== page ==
Over on the AGH Instagram page, we share weekly spotlights on artists in the AGH Collection, diving deep into some of the many stunning works we hold in our care. Numbering over 10,000 works and counting, many of these works are explorable from the comfort of your home through our Online Collection.
Presenting three of these Showcases in one place, enjoy this article to learn about the fascinating work of Canadian impressionist Helen McNicoll, influential Indigenous painter Norval Morrisseau, long-time Hamiltonian Ida Gertrude Hamilton, and the passionate painterly stylings of Canadian artist William Kurelek.
In a career that spanned only a decade, Helen McNicoll became one of the most important Impressionist artists in Canada. She is well-known for her depictions of rural landscapes and modern early 20th century women. The Art Canada Institute describes The Apple Gatherer “as a representation of rural female labour that neither romanticizes nor pities its subject.”
McNicoll’s work was the subject of a recent Fridays at Four virtual tour, our weekly series of virtual Zoom tours with our amazing AGH docents. Register here to attend an upcoming tour!
To learn even more about The Apple Gatherer from the Art Canada Institute, click here.
Anishinaabe (Ojibwe) artist Norval Morrisseau’s remarkably influential career began in the early 1960s and spanned over four decades. He is best known for his inventive images of Anishinaabeg stories, which first fuelled his imagination as a child living on Sand Point Reserve, near Lake Nipigon in northwestern Ontario. Absorbing these stories and other forms of traditional knowledge from his family, community members, and the natural world, Morrisseau gradually developed a unique style of painting through which he vividly conveyed the deep spiritual ties of the Anishinaabeg to their traditional territory and all of creation.
Morrisseau frequently returned to the theme of the shaman and the apprentice, testifying to his sense of duty and pride as a mentor. Shaman and Apprentice features two spirit figures facing each other as they float in a celestial space, surrounded by stars, the sun, and the moon. With human faces and amorphous bodies, the figures represent the spiritual kinship between humans and animals symbolizing the sky (birds), sea (fish), and land (bears). On the right, the apprentice is observing the shaman demonstrate his powers of transformation. The recurring subject of transformation in the artist’s oeuvre exemplifies his enduring fascination with the fundamentally dynamic, ever-changing world of the Anishinaabeg. Shaman and Apprentice reflects not only Morrisseau’s dedication to imparting his knowledge to younger generations, but also the necessity of exercising one’s abilities to bring positive change to the whole community and, more broadly, the earth.
Shaman and Apprentice is currently on view for free on Gallery Level 2. See the work along with more selections of Morrisseau’s work from our Collection upon our reopening!
Ida Gertrude Hamilton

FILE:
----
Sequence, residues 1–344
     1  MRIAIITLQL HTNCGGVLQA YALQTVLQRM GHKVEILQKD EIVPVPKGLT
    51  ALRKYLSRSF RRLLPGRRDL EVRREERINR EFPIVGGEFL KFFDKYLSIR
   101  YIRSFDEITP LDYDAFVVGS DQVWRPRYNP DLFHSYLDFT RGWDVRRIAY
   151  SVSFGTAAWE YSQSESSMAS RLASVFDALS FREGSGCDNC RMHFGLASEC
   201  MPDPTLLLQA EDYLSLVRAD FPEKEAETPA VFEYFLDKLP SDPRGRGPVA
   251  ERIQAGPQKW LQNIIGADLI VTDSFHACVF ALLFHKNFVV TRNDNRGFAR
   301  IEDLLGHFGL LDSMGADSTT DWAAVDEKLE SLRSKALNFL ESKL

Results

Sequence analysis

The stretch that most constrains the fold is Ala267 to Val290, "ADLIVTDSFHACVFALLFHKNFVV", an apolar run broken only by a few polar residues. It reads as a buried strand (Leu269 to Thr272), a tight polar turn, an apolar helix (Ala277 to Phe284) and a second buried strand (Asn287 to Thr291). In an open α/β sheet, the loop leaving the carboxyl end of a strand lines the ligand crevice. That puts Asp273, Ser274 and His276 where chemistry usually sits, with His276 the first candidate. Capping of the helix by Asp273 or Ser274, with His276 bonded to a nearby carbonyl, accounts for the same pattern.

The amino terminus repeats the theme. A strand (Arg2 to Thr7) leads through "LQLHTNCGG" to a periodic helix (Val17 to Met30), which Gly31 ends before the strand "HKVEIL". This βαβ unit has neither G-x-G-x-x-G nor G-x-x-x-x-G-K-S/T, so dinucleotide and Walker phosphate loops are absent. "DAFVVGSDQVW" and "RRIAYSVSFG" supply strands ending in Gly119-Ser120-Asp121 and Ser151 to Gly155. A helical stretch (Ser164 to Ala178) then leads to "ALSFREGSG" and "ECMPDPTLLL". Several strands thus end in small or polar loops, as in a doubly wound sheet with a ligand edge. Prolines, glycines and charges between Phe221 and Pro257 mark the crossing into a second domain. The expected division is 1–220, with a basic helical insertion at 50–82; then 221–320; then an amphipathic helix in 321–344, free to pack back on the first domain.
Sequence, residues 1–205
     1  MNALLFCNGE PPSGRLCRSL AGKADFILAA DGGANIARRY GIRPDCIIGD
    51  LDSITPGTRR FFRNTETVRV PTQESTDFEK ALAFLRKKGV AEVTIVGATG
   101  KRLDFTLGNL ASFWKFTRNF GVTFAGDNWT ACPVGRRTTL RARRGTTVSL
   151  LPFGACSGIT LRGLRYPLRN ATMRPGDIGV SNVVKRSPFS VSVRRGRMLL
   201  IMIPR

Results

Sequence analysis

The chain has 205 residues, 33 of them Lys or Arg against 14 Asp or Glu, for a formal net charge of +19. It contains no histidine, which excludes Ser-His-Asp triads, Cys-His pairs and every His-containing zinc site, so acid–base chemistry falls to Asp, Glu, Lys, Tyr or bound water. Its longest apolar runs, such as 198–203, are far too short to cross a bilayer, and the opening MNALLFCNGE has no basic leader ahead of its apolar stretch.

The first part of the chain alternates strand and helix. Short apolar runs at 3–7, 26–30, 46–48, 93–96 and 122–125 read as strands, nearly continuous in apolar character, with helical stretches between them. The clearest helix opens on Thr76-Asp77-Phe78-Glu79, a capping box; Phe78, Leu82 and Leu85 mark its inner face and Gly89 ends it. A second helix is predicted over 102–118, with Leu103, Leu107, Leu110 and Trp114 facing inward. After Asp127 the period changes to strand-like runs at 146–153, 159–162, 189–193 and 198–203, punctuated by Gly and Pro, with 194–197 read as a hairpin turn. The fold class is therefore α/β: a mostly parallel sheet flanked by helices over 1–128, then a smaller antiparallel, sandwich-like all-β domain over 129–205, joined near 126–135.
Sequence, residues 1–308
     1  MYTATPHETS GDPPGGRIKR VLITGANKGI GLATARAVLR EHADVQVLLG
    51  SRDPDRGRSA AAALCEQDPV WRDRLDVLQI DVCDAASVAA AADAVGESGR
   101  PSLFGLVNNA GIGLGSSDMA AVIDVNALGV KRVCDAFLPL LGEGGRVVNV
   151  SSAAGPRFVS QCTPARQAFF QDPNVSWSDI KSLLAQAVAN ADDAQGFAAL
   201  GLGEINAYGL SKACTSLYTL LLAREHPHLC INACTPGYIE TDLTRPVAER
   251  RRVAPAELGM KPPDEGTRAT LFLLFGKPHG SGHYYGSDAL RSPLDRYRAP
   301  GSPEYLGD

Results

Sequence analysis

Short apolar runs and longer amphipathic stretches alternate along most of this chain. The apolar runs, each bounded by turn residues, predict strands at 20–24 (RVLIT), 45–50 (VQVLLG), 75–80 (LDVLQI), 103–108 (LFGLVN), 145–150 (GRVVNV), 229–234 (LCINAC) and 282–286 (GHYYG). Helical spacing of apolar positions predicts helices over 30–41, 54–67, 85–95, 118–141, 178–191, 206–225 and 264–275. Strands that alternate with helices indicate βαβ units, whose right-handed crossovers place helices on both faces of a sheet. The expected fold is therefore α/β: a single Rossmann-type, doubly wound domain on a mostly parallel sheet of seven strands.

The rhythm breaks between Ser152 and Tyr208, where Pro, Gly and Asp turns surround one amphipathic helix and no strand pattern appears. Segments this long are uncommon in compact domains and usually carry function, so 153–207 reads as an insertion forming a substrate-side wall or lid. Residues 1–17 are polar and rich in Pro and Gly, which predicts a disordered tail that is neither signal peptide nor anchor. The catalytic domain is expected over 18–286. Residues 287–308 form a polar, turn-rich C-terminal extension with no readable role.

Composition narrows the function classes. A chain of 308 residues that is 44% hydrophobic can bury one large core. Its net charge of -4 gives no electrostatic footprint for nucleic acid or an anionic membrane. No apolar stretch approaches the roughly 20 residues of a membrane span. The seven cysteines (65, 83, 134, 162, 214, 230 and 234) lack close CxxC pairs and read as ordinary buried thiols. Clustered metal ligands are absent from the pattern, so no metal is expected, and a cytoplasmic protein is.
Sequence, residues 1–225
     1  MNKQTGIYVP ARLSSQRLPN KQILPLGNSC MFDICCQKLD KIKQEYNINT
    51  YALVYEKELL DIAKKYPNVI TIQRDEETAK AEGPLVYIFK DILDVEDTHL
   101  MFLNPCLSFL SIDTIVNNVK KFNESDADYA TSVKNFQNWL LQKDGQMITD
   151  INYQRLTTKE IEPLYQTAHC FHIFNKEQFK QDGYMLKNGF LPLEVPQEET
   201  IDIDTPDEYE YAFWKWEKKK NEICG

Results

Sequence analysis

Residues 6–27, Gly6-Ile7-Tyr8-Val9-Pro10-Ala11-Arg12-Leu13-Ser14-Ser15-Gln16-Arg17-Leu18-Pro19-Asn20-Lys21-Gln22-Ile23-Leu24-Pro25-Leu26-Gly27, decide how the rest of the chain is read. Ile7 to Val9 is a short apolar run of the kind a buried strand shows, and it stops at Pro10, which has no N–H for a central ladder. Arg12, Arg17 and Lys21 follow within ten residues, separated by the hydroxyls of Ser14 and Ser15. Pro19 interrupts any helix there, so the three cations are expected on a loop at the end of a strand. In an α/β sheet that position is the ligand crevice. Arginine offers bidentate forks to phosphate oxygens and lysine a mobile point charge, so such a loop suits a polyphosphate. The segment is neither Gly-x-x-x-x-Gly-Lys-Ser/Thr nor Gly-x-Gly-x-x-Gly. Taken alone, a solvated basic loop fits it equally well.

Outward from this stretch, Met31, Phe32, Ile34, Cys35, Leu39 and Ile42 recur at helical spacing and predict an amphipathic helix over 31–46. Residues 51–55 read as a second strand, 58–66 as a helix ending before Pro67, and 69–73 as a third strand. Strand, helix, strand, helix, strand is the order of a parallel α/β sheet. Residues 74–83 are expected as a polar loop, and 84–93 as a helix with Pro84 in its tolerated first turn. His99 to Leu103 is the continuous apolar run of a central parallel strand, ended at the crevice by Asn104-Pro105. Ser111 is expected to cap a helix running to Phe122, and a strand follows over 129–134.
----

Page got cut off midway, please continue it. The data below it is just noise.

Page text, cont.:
Ida Hamilton was born in St. Mary’s, Ontario in 1887. She attended the Hamilton Technical and Art School. In 1918, Hamilton graduated as an occupational therapist and began rehabilitating soldiers injured in World War I through the use of arts and crafts.
In 1930, Hamilton joined the staff of Westdale Secondary School in Hamilton, and eventually became the Art Director until her retirement in 1951. That same year Ida Hamilton was honoured when four of her paintings were chosen for the First Annual Exhibition of Canadian Art held in Manoir Richelieu, Murray Bay, Quebec.
Her diverse artistic endeavours included watercolour and oil painting, weaving, engraving, china painting, woodcuts, linocuts, book plates, and leather, plastic, paper and metal crafts. Ida was the first president and founding member of the Weaver’s Guild of Hamilton (1949). She believed in the therapeutic powers of art and specifically, weaving.
Ida continued to paint and exhibit well into her 70s. Her last show at the AGH was in 1962, when Ida was honoured with a retrospective exhibition which featured 62 paintings, drawings and prints. Hamilton died in 1974 at the age of 89 after a long and prolific career.
The son of Ukranian immigrants, William Kurelek grew up working on his family’s farm and attending a one-room schoolhouse. He studied art in Winnipeg, Toronto and in Mexico. This work is part of Kurelek’s series The Polish Canadians, consisting of 26 paintings in total. The paintings were reproduced in Kurelek’s book The Polish Canadians, accompanied by text written by the artist.
Join us tomorrow, the day after April Fool’s Day for a free Zoom Tour where we will explore moments of humour or irony captured in works from the Collection in this work from Kurelek and in many others! Register here.
Please note that at the time of this publication, the AGH is temporarily closed. We continue to follow the advice and directives of the local public health officials, the provincial government, and our Board of Directors, so stay tuned to our Plan Your Visit and COVID-19 Guidelines page for updates. We hope our visitors remain connected to our programs and exhibitions through AGH at Home and Shop at AGH Online.